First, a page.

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Section Abstract Introduction Methods Results Discussion Conflict of Interest Acknowledgment References

Community Research


Association of stature and mental problems among adolescents in Jatinangor District, West Java

Meita Dhamayanti,1 Pia H. Deliana,2 Faisal Bukkar1



pISSN: 0853-1773 • eISSN: 2252-8083

https://doi.org/10.13181/mji.v27i3.2467 Med J Indones. 2018;27:209–12


Received: December 4, 2017

Accepted: July 18, 2018


Author affiliation:

1 Department of Child Health, Faculty of Medicine, Universitas Padjadjaran, Bandung, Indonesia

2 Faculty of Medicine, Universitas Padjadjaran, Bandung, Indonesia


Corresponding author:

Meita Dhamayanti

E-mail: meita.dh@gmail.com




The prevalence of short stature during adolescence in Indonesia remains high. Adolescents are very concerned about their stature. Most adolescent health problems are related to psychosocial issues. The prevalence of mental disorders among adolescents in Indonesia is 6.0%, and West Java is 9.3%. The aim of this study was to analyze the association between stature and mental problems during middle adolescence.



This analytical cross-sectional study was performed at three high schools in Jatinangor, West Java, Indonesia. The subjects were students, age of 16–17 years old without physical abnormalities other than short stature and weight problems. Mental problems were screened using a self-report Strength and Difficulties Questionnaire (SDQ). Data were analyzed using the chi-square test with prevalence risk.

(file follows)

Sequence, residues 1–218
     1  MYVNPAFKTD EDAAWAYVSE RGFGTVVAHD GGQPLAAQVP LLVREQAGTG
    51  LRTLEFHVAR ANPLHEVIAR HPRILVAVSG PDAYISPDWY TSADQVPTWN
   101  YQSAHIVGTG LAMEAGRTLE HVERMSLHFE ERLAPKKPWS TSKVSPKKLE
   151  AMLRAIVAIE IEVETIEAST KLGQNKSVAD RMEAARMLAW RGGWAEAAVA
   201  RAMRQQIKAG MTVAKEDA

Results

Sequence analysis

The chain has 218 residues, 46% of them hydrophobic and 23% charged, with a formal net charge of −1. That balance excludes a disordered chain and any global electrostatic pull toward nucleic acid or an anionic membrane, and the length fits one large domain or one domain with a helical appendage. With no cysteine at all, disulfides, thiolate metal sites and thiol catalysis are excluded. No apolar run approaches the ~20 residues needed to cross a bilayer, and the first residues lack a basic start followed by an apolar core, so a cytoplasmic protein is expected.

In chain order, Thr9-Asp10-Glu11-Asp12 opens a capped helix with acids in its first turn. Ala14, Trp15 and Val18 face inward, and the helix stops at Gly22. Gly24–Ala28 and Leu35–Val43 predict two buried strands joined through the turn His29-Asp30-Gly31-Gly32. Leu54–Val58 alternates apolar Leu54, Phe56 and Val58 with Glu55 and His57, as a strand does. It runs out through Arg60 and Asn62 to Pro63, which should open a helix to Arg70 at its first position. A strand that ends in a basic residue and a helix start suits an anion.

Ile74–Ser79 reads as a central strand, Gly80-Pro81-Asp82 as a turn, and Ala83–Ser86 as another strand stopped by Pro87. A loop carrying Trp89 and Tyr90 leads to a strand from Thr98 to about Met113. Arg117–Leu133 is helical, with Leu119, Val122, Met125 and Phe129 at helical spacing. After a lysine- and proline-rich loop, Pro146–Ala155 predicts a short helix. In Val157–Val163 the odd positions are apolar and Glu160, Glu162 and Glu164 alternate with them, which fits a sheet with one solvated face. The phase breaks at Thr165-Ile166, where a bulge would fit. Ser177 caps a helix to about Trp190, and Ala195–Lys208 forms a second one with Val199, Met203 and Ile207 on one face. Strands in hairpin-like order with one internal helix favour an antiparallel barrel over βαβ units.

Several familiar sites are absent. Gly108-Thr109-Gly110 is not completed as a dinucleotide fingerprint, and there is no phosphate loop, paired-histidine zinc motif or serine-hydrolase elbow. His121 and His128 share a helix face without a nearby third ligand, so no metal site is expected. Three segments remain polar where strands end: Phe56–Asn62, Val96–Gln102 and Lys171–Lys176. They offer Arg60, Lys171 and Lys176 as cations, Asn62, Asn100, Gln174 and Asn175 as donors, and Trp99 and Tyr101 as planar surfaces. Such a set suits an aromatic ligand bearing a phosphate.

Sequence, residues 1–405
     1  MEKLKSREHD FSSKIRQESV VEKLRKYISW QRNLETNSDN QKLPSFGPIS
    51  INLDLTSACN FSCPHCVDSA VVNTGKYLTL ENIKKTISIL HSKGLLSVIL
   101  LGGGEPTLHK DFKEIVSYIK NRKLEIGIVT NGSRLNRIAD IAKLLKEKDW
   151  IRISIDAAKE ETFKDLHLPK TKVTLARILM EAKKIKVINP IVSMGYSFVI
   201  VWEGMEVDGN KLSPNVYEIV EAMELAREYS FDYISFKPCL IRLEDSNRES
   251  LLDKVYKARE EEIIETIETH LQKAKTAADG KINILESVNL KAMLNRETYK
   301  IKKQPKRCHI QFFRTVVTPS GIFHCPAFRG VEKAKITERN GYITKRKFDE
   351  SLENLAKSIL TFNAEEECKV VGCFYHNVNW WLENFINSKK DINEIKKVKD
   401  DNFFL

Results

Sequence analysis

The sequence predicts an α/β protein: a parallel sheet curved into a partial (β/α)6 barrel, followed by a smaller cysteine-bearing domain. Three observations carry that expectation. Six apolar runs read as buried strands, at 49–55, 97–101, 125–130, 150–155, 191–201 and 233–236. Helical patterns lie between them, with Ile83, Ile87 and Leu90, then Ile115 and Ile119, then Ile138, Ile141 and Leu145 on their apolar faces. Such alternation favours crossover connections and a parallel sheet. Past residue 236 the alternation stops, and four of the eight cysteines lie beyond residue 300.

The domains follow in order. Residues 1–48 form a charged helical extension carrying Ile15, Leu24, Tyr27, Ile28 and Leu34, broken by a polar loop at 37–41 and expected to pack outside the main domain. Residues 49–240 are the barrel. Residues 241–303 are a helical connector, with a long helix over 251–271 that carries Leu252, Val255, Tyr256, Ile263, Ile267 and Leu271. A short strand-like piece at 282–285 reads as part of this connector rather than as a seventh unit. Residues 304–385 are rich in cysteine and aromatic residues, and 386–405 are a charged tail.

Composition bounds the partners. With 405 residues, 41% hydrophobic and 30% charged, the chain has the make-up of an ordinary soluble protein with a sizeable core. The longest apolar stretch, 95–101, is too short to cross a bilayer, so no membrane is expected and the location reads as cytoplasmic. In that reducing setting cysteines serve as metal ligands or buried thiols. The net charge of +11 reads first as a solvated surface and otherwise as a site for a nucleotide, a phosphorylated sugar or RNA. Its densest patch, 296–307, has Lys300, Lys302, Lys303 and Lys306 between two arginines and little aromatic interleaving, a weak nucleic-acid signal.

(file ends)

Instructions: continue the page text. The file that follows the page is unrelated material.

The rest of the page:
Of the 150 respondents, 116 subjects met the inclusion and exclusion criteria. The prevalence of short stature was 55 cases (47.4%) and more predominant in females. Among the behavioral and emotional problems assessed, the emotional symptom was associated significantly with short stature; prevalence ratio 1.87 (95% CI=1.14; 3.08). There was no significant association of short stature with other attributes such as conduct, hyperactivity, peer problems, and total difficulties (p>0.05).



Stature in adolescence is associated with emotional problems.



adolescent, emotional, short stature



Adolescents are individuals with ages that range between 10–19 years old. Adolescence is one of the most important transitions in a person’s life, from childhood to young adulthood marked by tremendous growth and changes that occur quickly.1 The gaps between biophysical developments may affect psychological and emotional development. Adolescence is often divided into three sub-stages: early (10–14 years), middle (15–17 years), and late (>17 years) adolescence. Many health problems in young people have a psychosocial rather than a biological basis. Although mental health problems account for about 50% of the burden of illness in adolescence, some are mild and transitory. The World Health Organization (WHO) stated that 1 of 5 children aged <16 years, and 104 out of 1000 children aged 4–15 years had behavioral and emotional problems, and the incidence rate is even higher in the age group >15 years.2 In 2013, the Indonesian National Health Research reported that the prevalence of behavioral and emotional disorders in the population ≥15 years old is 6.0%, and in West Java, one of the provinces with the highest prevalence, was 9.3%.3